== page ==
Lavaux has been shaped by man for centuries and its natural elements were strongly affected. The nature of Lavaux consists of remnants of vegetation and of flora and fauna which have managed to survive and adapt themselves to mankind’s interventions. Nevertheless, these remnants remain interesting.
Planting of the vineyards destroyed an entire array of natural vegetation including a diverse flora containing a number of rare species. The botanists of the 19th Century were nevertheless still able to observe the presence of anemones of narcissus, seed of the earth bunium and common gladiolus. Current botanical observations provide evidence of a substantial change in the flora. Current flora still contains some ancient elements within substitution biotopes, uncultivated landscapes or walls which are now beginning to disappear. Most of the species that remain are fairly common as the rarer specimens from the 19th Century are now extinct.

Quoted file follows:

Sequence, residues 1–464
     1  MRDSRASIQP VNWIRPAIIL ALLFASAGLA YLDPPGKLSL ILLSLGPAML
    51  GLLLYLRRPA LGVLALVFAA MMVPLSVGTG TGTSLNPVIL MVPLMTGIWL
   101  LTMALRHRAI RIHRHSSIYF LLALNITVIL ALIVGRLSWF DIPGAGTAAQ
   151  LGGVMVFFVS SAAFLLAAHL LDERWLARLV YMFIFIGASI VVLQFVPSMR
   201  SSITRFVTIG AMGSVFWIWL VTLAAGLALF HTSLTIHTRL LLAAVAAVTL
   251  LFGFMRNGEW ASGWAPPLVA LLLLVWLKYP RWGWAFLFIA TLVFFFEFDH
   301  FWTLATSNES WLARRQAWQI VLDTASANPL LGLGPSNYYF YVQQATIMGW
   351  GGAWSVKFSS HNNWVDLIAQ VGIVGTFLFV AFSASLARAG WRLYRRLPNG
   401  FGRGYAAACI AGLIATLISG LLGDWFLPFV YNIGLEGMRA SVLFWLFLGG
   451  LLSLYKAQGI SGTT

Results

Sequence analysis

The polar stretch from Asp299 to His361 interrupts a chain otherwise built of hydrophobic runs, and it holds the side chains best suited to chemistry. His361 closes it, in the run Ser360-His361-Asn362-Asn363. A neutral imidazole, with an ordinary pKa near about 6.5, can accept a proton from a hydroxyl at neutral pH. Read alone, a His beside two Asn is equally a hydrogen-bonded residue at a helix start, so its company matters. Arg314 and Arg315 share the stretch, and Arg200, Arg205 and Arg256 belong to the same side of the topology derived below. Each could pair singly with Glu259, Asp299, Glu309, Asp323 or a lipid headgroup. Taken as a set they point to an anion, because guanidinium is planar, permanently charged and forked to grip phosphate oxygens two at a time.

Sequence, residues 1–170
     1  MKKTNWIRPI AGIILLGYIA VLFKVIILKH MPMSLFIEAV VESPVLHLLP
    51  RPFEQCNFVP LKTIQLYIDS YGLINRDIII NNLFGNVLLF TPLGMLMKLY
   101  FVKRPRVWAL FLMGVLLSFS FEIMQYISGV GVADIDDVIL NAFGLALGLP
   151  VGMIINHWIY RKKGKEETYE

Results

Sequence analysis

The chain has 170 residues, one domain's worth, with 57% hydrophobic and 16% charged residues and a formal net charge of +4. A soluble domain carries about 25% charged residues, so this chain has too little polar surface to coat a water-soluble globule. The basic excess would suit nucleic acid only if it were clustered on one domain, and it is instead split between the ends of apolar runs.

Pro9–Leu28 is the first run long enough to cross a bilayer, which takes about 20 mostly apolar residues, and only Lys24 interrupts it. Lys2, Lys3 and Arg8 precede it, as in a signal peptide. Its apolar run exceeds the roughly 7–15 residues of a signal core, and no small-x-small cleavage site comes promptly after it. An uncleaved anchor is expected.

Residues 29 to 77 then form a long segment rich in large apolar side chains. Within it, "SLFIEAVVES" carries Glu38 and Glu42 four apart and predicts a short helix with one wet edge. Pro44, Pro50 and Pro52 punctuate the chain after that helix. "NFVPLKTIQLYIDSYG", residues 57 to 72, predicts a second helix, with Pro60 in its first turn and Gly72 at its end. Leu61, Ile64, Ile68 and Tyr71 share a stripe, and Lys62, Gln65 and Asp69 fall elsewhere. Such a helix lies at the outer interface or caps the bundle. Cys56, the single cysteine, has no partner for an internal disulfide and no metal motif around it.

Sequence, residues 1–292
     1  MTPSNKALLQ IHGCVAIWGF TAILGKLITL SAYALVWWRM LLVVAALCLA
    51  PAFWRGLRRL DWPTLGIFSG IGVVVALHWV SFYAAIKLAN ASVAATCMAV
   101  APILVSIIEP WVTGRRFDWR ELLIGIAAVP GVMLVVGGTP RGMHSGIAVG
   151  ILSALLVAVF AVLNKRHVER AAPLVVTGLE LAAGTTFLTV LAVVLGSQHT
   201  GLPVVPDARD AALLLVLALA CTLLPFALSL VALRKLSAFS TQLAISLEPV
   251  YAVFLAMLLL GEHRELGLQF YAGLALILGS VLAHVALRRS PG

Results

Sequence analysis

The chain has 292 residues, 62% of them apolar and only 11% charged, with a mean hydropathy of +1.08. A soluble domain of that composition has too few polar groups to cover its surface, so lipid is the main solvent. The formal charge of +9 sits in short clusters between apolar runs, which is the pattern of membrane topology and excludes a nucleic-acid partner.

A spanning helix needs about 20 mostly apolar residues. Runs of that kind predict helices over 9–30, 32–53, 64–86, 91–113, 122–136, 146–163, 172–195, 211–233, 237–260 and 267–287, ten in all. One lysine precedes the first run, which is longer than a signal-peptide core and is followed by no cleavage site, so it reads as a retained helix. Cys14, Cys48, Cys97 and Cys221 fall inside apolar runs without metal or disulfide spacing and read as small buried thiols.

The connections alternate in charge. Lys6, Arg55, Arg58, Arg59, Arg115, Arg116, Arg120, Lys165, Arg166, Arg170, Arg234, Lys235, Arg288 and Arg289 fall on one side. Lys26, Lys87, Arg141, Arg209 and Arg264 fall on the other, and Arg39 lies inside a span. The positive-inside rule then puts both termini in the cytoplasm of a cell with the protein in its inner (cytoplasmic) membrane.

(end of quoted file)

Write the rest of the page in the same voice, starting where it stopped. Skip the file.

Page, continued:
The Strong Presence of Reptiles
As for local fauna, several different species live in Lavaux. The majority consist of insects, molluscs and other worms that are food for vertebrates such as deer, chamois, foxes, stone martens, badgers, stoats and the “bruant zizi”, rare Swiss bird. Among all these Lavaux animals, of which 6 species are batrachians, reptiles are by far the most interesting and original specimens. Eleven species were counted such as slowworms, aspic vipers, four lizards including green lizards and five grass snakes including grass snakes. Lavaux plays a crucial role in the conservation of certain rare species of reptiles and amphibians.
Source : MORET, Jean-Louis, SARTORI, Michel, « Botanique et zoologie », in Lavaux, Vignoble en terrasses face au lac et aux Alpes, Lavaux World Heritage Site Application File for UNESCO, Cully, January 2006, pp. 57-64.